Materials And Methods
Cell culture and synchronization
Mouse C127 cells were cultured and synchronized in mitosis as described previously (Gilbert and Cohen, 1987; for review see Wu et al., 1997). MEFs were cultured as described previously (Peters et al., 2001), except with 10% FBS. Under these conditions, the lengths of S phase (measured as shown in Fig. 6) were 7.2–9.4 h for wild type, 8.6–10.2 h for D15, and 9–9.7 h for D15 + Suv39h1. The Suv39h1-rescued D15 cell line was provided by J. Rice (University of Southern California, Los Angeles, CA).
Replication in Xenopus egg extracts
Chromocenter replication timing. Intact nuclei were prepared from G1-phase C127 cells and introduced into Xenopus egg extract as described previously (Wu et al., 1997; Dimitrova and Gilbert, 1998). Where indicated, nuclei were incubated with peptides in the described transport buffer containing 1.5% BSA. Peptides (Cowell et al., 2002) were dissolved in distilled water at 10 mg/ml, and aliquoted stocks were stored at −70°C. At each time point, aliquots of reactions were removed and pulse labeled with 50 μM biotin-16-dUTP (Sigma-Aldrich) for 5–10 min. Reactions were stopped by diluting 1:10 in cold nuclear isolation buffer, and nuclei were adhered to glass slides and fixed as previously described (Li et al., 2001). Pericentric heterochromatin was detected by FISH with a γ-satellite DNA probe, and biotin-dUTP incorporation was detected with Texas red–conjugated streptavidin (GE Healthcare). The γ-satellite plasmid containing eight copies of the 234-bp satellite repeat (Lundgren et al., 2000) was labeled by nick translation with digoxigenin-11–dUTP (Life Technologies), and FISH was performed as previously described (Li et al., 2001).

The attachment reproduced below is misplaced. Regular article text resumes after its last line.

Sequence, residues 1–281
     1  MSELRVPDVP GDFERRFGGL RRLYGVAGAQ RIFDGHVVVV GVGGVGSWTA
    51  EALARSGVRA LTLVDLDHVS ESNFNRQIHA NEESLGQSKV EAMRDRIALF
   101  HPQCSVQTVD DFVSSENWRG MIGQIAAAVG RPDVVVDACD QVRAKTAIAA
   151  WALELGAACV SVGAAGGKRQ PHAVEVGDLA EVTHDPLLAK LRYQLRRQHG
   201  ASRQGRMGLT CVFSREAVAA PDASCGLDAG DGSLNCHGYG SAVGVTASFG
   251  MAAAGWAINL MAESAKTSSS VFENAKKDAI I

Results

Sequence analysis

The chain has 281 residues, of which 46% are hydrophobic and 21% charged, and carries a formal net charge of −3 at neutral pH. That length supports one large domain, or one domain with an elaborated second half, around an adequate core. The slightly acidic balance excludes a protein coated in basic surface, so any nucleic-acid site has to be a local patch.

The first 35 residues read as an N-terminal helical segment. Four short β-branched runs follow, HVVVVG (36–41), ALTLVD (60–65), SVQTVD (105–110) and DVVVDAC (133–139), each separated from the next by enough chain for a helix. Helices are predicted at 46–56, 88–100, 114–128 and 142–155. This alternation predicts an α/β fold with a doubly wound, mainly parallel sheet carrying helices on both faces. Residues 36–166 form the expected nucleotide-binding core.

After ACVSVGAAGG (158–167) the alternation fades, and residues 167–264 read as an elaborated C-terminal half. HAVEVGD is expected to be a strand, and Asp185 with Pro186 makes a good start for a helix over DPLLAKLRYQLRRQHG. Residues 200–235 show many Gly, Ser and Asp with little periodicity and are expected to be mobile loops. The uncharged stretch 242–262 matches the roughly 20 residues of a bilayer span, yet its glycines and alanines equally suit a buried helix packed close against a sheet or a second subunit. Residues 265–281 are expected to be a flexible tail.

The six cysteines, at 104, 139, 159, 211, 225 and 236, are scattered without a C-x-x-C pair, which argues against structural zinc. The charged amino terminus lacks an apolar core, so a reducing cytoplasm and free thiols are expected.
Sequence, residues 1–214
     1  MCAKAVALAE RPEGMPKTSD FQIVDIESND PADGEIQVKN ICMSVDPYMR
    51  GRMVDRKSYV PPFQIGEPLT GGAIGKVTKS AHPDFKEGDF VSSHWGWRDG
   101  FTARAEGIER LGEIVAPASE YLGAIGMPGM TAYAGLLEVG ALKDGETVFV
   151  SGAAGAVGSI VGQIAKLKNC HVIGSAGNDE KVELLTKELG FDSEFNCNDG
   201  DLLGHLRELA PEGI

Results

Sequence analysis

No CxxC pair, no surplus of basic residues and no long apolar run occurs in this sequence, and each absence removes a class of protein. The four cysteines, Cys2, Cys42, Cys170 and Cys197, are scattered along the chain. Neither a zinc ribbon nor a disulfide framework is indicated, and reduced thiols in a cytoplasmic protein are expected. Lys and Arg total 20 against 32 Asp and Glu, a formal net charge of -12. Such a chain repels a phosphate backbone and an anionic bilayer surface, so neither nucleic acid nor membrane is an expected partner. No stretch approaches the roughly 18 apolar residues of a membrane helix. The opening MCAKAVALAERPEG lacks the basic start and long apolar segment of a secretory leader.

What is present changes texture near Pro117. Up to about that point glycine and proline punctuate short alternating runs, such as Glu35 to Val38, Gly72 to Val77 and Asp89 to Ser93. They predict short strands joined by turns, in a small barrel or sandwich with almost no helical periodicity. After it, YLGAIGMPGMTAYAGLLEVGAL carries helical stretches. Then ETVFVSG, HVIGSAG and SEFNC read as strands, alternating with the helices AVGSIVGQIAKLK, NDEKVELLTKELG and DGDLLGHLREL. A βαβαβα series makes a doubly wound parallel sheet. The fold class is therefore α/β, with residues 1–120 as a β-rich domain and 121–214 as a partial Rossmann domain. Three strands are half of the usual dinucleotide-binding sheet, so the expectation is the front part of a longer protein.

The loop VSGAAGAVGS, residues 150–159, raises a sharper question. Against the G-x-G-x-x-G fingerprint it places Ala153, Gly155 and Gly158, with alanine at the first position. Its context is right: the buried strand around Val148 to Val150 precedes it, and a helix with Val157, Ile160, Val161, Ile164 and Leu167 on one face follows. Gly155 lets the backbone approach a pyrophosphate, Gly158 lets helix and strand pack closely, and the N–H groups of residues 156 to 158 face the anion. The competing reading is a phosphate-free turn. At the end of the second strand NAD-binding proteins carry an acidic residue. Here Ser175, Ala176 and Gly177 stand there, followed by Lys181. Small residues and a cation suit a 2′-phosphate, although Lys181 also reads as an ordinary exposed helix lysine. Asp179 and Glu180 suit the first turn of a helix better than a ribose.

Global replication timing.
Asynchronously growing cells were pulse labeled with 15 μg/ml BrdU for 30 min and incubated in medium containing 50 ng/ml nocodazole for 4–5 h before mitotic shake-off. At the indicated G1-phase time points, intact nuclei were incubated in Xenopus egg extract. At various time points in vitro, aliquots of nuclei were removed and pulse labeled with biotin-dUTP, and the colocalization of BrdU and biotin was detected as described previously (Dimitrova and Gilbert, 1999).